--- Day 25: Combo Breaker ---
You finally reach the check-in desk. Unfortunately, their registration systems are currently offline, and they cannot check you in. Noticing the look on your face, they quickly add that tech support is already on the way! They even created all the room keys this morning; you can take yours now and give them your room deposit once the registration system comes back online.
The room key is a small RFID card. Your room is on the 25th floor and the elevators are also temporarily out of service, so it takes what little energy you have left to even climb the stairs and navigate the halls. You finally reach the door to your room, swipe your card, and - beep - the light turns red.
Examining the card more closely, you discover a phone number for tech support.
"Hello! How can we help you today?" You explain the situation.
"Well, it sounds like the card isn't sending the right command to unlock the door. If you go back to the check-in desk, surely someone there can reset it for you." Still catching your breath, you describe the status of the elevator and the exact number of stairs you just had to climb.
"I see! Well, your only other option would be to reverse-engineer the cryptographic handshake the card does with the door and then inject your own commands into the data stream, but that's definitely impossible." You thank them for their time.
Unfortunately for the door, you know a thing or two about cryptographic handshakes.
The handshake used by the card and the door involves an operation that transforms a subject number. To transform a subject number, start with the value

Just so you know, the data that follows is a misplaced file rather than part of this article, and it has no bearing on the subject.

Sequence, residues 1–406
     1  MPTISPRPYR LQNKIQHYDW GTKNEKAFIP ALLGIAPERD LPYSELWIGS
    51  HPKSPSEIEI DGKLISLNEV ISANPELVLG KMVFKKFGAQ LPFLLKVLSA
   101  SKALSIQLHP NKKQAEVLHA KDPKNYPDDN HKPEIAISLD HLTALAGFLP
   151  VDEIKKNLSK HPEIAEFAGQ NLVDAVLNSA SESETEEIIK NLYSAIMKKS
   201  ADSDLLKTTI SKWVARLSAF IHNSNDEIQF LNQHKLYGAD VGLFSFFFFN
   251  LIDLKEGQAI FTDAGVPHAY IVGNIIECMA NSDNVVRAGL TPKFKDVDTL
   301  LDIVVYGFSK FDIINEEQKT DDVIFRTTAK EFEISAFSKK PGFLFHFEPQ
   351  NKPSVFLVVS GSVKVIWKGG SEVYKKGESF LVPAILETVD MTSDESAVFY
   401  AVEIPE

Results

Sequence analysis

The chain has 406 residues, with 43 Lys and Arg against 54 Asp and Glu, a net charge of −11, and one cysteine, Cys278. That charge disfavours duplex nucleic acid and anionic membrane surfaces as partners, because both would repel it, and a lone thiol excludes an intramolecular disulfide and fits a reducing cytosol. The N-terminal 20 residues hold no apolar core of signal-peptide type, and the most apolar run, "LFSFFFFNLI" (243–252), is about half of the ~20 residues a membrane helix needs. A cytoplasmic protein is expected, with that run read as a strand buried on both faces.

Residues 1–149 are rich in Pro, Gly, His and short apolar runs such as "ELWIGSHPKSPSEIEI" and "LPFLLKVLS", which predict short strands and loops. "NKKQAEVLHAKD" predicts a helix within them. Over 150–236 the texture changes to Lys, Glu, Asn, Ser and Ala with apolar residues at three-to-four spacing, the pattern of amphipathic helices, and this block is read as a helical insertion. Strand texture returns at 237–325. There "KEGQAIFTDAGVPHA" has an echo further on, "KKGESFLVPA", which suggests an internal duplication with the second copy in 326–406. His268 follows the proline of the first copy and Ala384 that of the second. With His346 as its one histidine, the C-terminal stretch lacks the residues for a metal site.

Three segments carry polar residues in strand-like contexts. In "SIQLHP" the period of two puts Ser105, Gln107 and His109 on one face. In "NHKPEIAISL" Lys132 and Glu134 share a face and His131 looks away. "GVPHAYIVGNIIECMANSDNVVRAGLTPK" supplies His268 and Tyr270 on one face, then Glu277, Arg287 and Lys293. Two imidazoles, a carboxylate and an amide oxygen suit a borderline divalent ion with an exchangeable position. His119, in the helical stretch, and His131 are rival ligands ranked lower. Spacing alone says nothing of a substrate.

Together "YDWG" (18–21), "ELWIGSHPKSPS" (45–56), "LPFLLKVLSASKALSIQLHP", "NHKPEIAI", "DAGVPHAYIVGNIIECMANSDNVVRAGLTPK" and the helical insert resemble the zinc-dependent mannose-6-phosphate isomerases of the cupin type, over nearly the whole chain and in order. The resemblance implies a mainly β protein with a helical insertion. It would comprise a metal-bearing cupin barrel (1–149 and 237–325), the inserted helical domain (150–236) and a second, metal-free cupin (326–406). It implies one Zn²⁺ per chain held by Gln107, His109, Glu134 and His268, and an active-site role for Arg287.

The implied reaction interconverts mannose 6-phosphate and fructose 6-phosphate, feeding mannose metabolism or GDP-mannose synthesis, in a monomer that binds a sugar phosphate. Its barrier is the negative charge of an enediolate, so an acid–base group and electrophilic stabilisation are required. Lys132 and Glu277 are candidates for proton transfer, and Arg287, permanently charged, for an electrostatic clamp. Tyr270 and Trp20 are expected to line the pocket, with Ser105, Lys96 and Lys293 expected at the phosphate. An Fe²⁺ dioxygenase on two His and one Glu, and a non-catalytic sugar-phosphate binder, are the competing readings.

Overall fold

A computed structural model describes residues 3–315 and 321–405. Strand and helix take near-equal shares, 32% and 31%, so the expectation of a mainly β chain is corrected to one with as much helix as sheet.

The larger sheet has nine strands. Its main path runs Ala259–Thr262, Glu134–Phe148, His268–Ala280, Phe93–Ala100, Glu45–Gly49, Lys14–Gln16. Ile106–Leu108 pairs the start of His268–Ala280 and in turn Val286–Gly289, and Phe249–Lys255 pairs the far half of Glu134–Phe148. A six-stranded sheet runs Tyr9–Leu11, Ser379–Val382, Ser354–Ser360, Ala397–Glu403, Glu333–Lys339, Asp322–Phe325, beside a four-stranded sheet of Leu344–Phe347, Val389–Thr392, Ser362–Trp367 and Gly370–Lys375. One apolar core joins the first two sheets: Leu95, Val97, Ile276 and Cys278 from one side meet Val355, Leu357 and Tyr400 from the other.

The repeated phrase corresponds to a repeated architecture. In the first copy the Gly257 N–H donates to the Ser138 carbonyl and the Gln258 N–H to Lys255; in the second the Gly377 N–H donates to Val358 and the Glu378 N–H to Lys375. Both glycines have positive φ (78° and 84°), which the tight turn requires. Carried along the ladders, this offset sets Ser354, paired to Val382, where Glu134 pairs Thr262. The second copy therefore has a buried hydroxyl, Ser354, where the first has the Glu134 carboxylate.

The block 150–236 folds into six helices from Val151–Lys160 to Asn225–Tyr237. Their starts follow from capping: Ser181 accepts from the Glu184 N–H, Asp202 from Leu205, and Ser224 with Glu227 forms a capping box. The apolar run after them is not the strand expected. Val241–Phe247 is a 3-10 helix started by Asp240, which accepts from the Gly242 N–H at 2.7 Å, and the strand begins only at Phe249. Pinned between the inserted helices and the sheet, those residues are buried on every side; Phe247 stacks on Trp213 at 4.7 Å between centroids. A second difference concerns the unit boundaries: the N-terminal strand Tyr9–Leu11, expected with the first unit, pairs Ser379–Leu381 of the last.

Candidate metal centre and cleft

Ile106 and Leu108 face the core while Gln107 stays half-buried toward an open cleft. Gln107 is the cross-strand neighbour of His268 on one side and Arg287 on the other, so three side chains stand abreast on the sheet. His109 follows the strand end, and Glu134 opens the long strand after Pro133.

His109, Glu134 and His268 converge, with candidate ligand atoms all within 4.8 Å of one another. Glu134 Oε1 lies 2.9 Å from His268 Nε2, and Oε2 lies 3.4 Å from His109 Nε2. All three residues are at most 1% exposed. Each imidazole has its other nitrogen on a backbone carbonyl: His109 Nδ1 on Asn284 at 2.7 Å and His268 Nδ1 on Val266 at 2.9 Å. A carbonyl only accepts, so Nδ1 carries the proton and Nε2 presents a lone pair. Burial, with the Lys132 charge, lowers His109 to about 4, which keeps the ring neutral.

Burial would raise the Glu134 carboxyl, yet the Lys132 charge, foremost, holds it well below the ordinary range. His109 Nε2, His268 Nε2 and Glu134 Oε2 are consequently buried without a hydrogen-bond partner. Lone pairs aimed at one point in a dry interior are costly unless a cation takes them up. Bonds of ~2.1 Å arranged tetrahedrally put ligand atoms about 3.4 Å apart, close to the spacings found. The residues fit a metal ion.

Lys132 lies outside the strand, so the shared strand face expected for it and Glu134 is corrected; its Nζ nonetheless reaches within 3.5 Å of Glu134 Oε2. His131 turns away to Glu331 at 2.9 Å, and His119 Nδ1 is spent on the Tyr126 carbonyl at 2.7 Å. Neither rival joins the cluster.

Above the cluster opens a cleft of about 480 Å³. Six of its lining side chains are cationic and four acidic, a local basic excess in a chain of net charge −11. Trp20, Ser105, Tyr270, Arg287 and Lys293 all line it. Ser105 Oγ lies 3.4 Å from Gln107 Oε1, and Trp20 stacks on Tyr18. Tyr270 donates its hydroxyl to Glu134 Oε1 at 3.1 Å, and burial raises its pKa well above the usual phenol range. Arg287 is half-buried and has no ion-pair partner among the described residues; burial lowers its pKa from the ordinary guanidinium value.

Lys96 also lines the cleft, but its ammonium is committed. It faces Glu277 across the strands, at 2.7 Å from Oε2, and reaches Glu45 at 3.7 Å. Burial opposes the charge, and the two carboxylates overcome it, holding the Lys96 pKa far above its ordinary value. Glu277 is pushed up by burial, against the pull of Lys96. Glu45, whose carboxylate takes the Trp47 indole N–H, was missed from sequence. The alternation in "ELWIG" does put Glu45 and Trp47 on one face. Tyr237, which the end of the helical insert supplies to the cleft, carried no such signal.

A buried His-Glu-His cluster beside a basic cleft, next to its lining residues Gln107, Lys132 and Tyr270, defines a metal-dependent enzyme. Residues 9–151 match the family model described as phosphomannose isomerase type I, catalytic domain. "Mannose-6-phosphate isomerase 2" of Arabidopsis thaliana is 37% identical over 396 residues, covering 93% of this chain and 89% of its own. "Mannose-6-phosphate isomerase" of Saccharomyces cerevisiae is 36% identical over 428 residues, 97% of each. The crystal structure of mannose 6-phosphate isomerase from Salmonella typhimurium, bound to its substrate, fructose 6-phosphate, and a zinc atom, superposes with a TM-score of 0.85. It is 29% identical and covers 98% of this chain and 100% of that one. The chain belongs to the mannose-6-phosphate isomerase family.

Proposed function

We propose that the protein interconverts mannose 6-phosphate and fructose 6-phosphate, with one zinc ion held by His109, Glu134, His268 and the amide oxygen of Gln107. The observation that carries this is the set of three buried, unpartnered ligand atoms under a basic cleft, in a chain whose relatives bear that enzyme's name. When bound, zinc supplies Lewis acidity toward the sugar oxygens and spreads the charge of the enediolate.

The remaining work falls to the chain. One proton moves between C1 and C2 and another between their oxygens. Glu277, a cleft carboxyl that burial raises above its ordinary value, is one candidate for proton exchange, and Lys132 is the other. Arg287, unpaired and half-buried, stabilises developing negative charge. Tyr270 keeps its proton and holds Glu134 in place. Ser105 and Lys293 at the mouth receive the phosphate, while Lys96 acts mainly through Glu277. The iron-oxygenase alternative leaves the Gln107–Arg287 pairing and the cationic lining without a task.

1. Then, a number of times called the loop size, perform the following steps:
- Set the value to itself multiplied by the subject number.
- Set the value to the remainder after dividing the value by
The card always uses a specific, secret loop size when it transforms a subject number. The door always uses a different, secret loop size.
The cryptographic handshake works like this:
- The card transforms the subject number of
7according to the card's secret loop size. The result is called the card's public key.
- The door transforms the subject number of
7according to the door's secret loop size. The result is called the door's public key.
- The card and door use the wireless RFID signal to transmit the two public keys (your puzzle input) to the other device. Now, the card has the door's public key, and the door has the card's public key. Because you can eavesdrop on the signal, you have both public keys, but neither device's loop size.
- The card transforms the subject number of the door's public key according to the card's loop size. The result is the encryption key.
- The door transforms the subject number of the card's public key according to the door's loop size. The result is the same encryption key as the card calculated.
If you can use the two public keys to determine each device's loop size, you will have enough information to calculate the secret encryption key that the card and door use to communicate; this would let you send the
unlock command directly to the door!
For example, suppose you know that the card's public key is
5764801. With a little trial and error, you can work out that the card's loop size must be
8, because transforming the initial subject number of
7 with a loop size of
Then, suppose you know that the door's public key is
17807724. By the same process, you can determine that the door's loop size is
11, because transforming the initial subject number of
7 with a loop size of
At this point, you can use either device's loop size with the other device's public key to calculate the encryption key. Transforming the subject number of
17807724 (the door's public key) with a loop size of
8 (the card's loop size) produces the encryption key,
14897079. (Transforming the subject number of
5764801 (the card's public key) with a loop size of
11 (the door's loop size) produces the same encryption key:
What encryption key is the handshake trying to establish?